Tag Archives: pro-life

Preach It!

Denver Archbishop: Planned Parenthood Offends Minorities

A new Planned Parenthood clinic in a minority neighborhood of Denver should be taken as an offense, affirmed the archbishop of the city.
Archbishop Charles Chaput said this at a prayer vigil and march at the site of Planned Parenthood’s new clinic in a primarily Latino and African-American suburb of Denver…
“Planned Parenthood is the largest single provider of abortion and family suppression services in the United States,” he explained. “This facility in this minority neighborhood should offend every African-American and Latino family, and all of us, because every child lost to abortion here subtracts one more life, one more universe of possibilities and talent, from the future of this community. […] The business of Planned Parenthood is the prevention of the future — and business is good, and very profitable, at the expense of this community.”

HT:The Curt Jester

Danielle Bean: “Are We A Pro-Life People?”

Danielle Bean has an excellent article over at Inside Catholic that I so needed today.
I read this and I started to cry:

When a battle-weary mother stands alone in her bathroom looking with disbelief at two tiny pink lines on a pregnancy test, it’s too late for family-planning discussions of clinical effectiveness. We’ve got a baby to take care of. And his mother…
“Soon after I announced that we were (unexpectedly) pregnant with our eighth child,” an older mom once wrote me, “I came out of Mass one day and found an NFP flyer tucked under the windshield wiper of my van. I even wondered if it was our pastor who put it there.”
Shame on us.
Whether we love NFP or hate it, whether we choose to use it in our marriages or not, whether we have one child or 16 children, we Catholics have no business receiving new life with anything but charity and joy. We have no business labeling our fellow Catholics, in their time of need and vulnerability, as crazy or irresponsible.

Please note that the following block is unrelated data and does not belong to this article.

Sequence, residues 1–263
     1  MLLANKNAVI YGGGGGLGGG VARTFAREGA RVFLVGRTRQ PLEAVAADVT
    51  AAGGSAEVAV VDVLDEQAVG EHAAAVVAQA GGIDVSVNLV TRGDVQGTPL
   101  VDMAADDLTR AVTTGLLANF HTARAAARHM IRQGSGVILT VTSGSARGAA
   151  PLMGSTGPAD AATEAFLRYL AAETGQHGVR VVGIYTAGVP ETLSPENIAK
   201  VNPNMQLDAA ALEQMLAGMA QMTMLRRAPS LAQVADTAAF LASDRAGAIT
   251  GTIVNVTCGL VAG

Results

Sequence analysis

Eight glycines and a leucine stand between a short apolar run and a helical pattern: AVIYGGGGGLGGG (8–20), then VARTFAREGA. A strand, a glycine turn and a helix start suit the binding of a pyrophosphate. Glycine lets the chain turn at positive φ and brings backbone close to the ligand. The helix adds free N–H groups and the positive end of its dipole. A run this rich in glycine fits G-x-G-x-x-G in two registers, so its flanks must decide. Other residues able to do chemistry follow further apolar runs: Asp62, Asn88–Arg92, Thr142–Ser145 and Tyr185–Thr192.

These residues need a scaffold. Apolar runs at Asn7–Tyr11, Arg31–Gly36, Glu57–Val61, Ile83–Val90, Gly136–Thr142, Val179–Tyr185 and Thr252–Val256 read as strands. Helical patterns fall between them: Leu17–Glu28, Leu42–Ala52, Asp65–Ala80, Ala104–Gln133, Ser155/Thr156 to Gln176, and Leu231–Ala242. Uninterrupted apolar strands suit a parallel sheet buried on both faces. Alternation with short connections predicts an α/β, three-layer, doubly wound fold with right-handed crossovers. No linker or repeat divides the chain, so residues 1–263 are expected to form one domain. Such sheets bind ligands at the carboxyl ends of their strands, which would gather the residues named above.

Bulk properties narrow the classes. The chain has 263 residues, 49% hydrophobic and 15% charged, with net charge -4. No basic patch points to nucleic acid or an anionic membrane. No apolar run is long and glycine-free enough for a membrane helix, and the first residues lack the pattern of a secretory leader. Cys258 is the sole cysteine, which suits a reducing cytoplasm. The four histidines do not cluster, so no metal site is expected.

It takes courage for many Catholic couples to continue to refuse contraception, to remain open to life in their marriages, even when their circumstances are already difficult and they are hoping to avoid another pregnancy. The “99 percent effective” number people like to throw around about NFP becomes a much smaller one when translated into “user effectiveness.”

Thank you and God bless you.

What Does It Means to Be a “Catholic Community”

Whenever I hear the term “Catholic Community” I bristle. It is a common, “trendy” term in this diocese. Many parishes have huge gold-leaf signs declaring “(add Church name), a Christian Community in the Roman Catholic Tradition”. That always leaves me wondering “Huh? Are they Catholic? Why not simply say ‘Roman Catholic Church?'” instead of automatic “Oh, a Catholic Church. Cross yourself.” So when I think of the term “community”, I automatically think “trendy baby boomer buzzword”. I am sure I am not alone when I feel that for liberal Churches, the notion of community has overrided the notion of Communion. It means “join us in the Spirit of Vatican II, and we’ll all have a great time complaining about the injustices of the Church!”